Total Hip Arthroplasty (Replacement)
Total hip replacement is typically recommended when the following are present: severe osteoarthritis is present in the hip joint which is viewable on X-Ray, moderate to severe pain in the hip and increasing loss of function. It is common for Physical Therapists to assist in the recovery after a total hip replacement surgery. Recovery often consists of instruction/reinforcement of hip precautions and the instruction and use of a gait aid like a walker or cane. Physical therapy will help patients return to all activities they would like to participate in by regaining strength and improve the ability to walk more normally.
For additional comprehensive information about the surgery visit https://orthoinfo.aaos.org/en/treatment/total-hip-replacement/ or call your local therapy clinic.
Spinal fusion surgery is performed to fuse together two or more vertebrae so that they heal into a single, solid bone. This is done to eliminate painful motion or to restore stability to the spine. This type of spine surgery is more commonly performed on your low back and neck. There are multiple methods for spinal fusion which will be discuss with you by your physician. Physical therapy after spinal fusion will help decrease pain as you recover as well as address abdominal weakness following your surgery.
For more information regarding a spinal fusion visit: https://orthoinfo.aaos.org/en/treatment/spinal-fusion/
Total Knee Arthroplasty (Replacement)
A total knee arthroplasty consists of resurfacing the bone ends of the knee joint when moderate to severe arthritis is present. A total knee replacement is usually recommended when there is a decrease in function, such as walking and stairs, secondary to increased knee pain. The joint surfaces are replaced with a metal cap and a plastic liner is inserted between the metal caps. After surgery your physical therapist will teach you how to move and use a walker correctly. As you progress with your recovery you will be instructed to complete a series of exercises to improve your range of motion and strength.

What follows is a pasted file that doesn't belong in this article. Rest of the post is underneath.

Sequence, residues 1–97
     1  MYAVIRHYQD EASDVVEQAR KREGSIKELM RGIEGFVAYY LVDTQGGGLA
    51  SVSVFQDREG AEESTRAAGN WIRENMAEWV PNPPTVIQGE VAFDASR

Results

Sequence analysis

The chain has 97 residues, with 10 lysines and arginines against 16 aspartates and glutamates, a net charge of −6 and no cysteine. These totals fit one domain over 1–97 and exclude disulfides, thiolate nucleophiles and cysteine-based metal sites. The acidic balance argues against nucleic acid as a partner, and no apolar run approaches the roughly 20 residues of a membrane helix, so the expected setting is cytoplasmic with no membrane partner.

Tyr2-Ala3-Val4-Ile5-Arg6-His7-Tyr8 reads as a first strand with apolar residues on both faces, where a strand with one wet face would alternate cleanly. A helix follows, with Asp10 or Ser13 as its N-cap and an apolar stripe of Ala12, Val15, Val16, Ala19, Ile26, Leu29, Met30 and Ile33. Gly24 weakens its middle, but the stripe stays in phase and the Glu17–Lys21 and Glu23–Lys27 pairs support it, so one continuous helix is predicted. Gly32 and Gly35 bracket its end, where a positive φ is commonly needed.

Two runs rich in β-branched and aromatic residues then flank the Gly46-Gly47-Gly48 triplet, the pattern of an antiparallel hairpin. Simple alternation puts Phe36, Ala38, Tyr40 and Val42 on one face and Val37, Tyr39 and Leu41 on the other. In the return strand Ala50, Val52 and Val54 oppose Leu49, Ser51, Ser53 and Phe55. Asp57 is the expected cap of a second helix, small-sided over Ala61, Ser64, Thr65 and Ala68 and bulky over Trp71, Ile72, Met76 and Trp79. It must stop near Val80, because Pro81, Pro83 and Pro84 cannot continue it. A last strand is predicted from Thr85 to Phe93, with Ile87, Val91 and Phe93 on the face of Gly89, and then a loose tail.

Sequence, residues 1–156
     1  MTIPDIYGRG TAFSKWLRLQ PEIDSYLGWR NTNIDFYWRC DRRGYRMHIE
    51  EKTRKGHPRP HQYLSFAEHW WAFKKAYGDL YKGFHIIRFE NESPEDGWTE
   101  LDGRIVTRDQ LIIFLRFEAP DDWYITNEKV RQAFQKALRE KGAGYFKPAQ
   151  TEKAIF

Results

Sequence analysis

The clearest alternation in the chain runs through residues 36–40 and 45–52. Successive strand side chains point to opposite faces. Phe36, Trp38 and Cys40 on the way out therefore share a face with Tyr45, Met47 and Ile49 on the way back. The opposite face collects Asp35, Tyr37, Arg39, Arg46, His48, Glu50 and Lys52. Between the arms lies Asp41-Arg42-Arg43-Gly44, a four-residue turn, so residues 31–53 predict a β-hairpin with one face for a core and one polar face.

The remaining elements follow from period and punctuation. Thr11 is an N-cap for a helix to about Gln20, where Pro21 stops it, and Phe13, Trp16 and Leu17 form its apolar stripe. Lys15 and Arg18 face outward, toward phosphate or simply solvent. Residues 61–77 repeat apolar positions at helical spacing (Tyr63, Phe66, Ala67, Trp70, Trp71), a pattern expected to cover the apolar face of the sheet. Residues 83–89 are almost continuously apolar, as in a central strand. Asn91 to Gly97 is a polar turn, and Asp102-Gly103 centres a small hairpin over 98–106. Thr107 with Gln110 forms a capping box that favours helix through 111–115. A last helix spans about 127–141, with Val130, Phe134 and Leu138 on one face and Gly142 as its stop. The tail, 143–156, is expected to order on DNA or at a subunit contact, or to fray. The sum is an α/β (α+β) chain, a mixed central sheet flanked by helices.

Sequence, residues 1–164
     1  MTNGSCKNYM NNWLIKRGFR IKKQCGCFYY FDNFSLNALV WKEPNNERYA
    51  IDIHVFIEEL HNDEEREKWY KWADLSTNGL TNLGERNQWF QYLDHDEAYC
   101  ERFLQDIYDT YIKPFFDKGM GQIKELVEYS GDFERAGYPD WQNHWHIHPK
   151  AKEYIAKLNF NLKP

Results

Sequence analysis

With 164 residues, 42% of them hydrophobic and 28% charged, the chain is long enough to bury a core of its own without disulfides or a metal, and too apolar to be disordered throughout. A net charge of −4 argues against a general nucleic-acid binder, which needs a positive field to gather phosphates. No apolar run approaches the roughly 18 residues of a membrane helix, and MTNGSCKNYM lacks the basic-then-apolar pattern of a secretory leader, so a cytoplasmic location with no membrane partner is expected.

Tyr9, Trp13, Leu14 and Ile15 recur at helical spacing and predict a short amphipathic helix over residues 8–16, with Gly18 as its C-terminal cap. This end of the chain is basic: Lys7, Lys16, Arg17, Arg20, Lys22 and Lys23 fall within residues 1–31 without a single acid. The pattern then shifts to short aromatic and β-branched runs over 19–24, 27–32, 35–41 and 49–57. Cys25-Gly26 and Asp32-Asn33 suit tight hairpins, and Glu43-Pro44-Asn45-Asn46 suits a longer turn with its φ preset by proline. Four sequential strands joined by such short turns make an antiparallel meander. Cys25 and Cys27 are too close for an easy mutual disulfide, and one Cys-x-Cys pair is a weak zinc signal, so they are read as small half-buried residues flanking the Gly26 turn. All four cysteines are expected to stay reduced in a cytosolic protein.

For more information regarding a Total Knee Arthroplasty visit: https://orthoinfo.aaos.org/en/treatment/total-knee-replacement/
Rotator Cuff Repair
A rotator cuff tear can occur for many reasons. It can get pinched between other structures causing rubbing or tearing of the tendons; a trauma or injury could cause a tear of the rotator cuff as well. If your surgeon recommends surgery to repair a tear, typically, the torn tendon will have to be re-anchored to the bone of that it tore away from. Following surgery you will not be allowed to actively move your shoulder/arm for some weeks. Physical therapy will be recommended following this type of surgery to restore ROM and strength of the shoulder.
For more information regarding a Rotator Cuff Repair visit: https://orthoinfo.aaos.org/en/treatment/rotator-cuff-tears-surgical-treatment-options/
A meniscus tear is one of the most common knee injuries. The meniscus is referred to as the cartilage in the knee. It acts as a shock absorber for the knee. These types of injuries can happen for multiple reasons. A physician will diagnose a meniscal tear with an MRI and a physical exam. Physical therapy may be recommended by your physician following meniscus repair or partial meniscectomy (trimmed meniscus).
For more information regarding a Meniscal Repair visit: https://orthoinfo.aaos.org/en/diseases--conditions/meniscus-tears/
Knee Arthroscopy (Scope)
A knee arthroscopy is a surgical procedure where your surgeon will make two small incisions and insert a small camera (arthroscope) to view the inside of the knee joint. This surgery can be used to diagnose and treat conditions of the knee. Knee arthroscopy can be used to repair or remove torn meniscal cartilage, reconstruct a torn ligament, or remove inflamed or loose tissue.
For more information regarding a Knee Arthroscopy visit: https://orthoinfo.aaos.org/en/treatment/knee-arthroscopy/